After a lifetime of fits and starts, I have been meditating daily for the past three months. Several forces united to prompt me to codify this habit: irrefutable scientific evidence that it’s beneficial; colleagues engaging in their own practice and beginning to teach mindfulness in the classroom; friends who swear by it; and the desire for a more extensive repertoire of tools to help me respond—rather than react—to the unknown and uncontrollable in a positive way.
Very much concerned with the epidemic of anxiety and depression among our young people, I have been thinking about how to dial down the level of stress they experience, which can often be caused by the seemingly constant pressure they can feel to “get it right.” If you are a (recovering) perfectionist like me, you know how critical we are of ourselves and how much pressure we put on high levels of performance and achievement. Perfectionists get stuck in a fixed mindset and can break, rather than bend, under stress. Wouldn’t it be wonderful to give our children—and ourselves—permission to hit the reset button by practicing the art of failure and resilience? We can, through meditation.
One thing I love about meditation is the directive to “begin again.” Each moment meditating gives us the chance to learn how to begin anew when we get distracted and return to observing what is going on in our mind. Sam Harris, a philosopher and neuroscientist, puts it like this: “In this clear noticing, we are training our minds, practicing a willingness to return to the present moment without judgment, without disappointment.” Removing judgment and disappointment allows us not to wallow in the past or project into the future. It permits us a second chance, and then a third, and then as many as we need to come back to the present and restart the clock.
Intertwined with resilience is forgiveness. Harris points out that the only way to forgive someone else or ourselves is to start over, and argues that the habit of beginning again creates a sense of resilience “we can’t otherwise find.” When we discover ourselves in a conversation that has withered, notice we have wasted time surfing the internet, lost our patience, or spaced out when playing a board game with our children, we can notice our lack of focus and commit to beginning again and to connecting with an experience in the present moment. We have hundreds of opportunities each day to practice the act of starting again, and each time, we strengthen our resilience muscle and create opportunities to forgive ourselves and others.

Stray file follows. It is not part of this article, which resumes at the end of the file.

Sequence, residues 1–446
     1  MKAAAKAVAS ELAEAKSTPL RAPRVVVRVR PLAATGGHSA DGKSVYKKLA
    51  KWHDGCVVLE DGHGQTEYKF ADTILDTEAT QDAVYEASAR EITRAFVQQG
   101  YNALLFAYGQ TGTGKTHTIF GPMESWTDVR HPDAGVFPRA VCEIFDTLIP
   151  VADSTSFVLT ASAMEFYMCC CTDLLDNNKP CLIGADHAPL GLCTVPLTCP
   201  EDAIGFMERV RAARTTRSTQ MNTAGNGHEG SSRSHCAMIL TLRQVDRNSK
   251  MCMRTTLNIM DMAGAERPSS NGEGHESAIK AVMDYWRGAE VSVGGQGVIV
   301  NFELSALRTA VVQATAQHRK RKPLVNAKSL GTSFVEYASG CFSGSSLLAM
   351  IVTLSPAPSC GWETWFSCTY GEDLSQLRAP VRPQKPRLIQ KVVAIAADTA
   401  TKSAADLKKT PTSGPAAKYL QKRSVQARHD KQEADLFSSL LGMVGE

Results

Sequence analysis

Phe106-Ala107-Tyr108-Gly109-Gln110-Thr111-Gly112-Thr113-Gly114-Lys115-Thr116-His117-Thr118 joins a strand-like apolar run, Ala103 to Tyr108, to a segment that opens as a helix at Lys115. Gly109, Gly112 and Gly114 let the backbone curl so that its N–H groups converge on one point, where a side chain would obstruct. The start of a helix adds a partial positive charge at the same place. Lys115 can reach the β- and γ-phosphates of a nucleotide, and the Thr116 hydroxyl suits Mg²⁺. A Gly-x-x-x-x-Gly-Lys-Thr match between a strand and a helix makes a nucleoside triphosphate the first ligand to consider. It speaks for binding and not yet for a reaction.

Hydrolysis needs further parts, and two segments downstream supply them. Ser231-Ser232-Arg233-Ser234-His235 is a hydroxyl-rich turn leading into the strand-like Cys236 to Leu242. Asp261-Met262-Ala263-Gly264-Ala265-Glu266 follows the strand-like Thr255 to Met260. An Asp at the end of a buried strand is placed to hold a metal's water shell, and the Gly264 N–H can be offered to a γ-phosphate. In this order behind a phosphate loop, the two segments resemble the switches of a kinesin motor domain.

While I have not been meditating long enough to notice profound changes, I have seen small shifts: my response time is a bit longer, and I have become more aware of making reasoned choices rather than reacting; I have learned that moving through painful experiences with intention and attention brings a quicker and more satisfying resolution; I have increased willingness to accept myself as flawed and growing.
Whether or not you adopt meditation as a formal practice in your own life, there are certainly ways to draw upon the tenets of mindfulness to be more present and centered, even if it is just taking that extra pause to close your eyes and take a few deep breaths. I hope you will spend time this summer enjoying and savoring as many real-time moments as you can and finding ways to let go of the way you think things should be and rather experience them as they are. I look forward to sharing stories from summer—not where you went, but how you were when you were there.
Head of School
Mindfulness for Children
“Children of all ages can benefit from mindfulness, the simple practice of bringing a gentle, accepting attitude to the present moment. It can help parents and caregivers, too, by promoting happiness and relieving stress. Here, we offer basic tips for children and adults of all ages, as well as several activities that develop compassion, focus, curiosity and empathy. And remember, mindfulness can be fun.”
What Type of Meditation Is Best for You?
“One of the most in-depth meditation studies to date shows that different practices have different benefits.”
Meditation Apps for Kids
Kids of all ages can reap the benefits of meditation and mindfulness using technology. Meditating even only a few minutes a day has proven to reduce stress, boost immunity, aid memory and concentration, decrease depression and anxiety, and even make you more compassionate. Don’t know where to start? Check out some of Common Sense Media’s favorite meditation apps for kids.
The Best Meditation Apps of 2019 (for adults)
Meditation is a simple way to reap big benefits. But where do you begin? And how do you know exactly what to do? Good news — there’s an app for that!
Michigan State University | Resources for Stress Reduction and Mindfulness
Scroll down to “Mindfulness Apps” and “Guided Meditation” for some great free resources.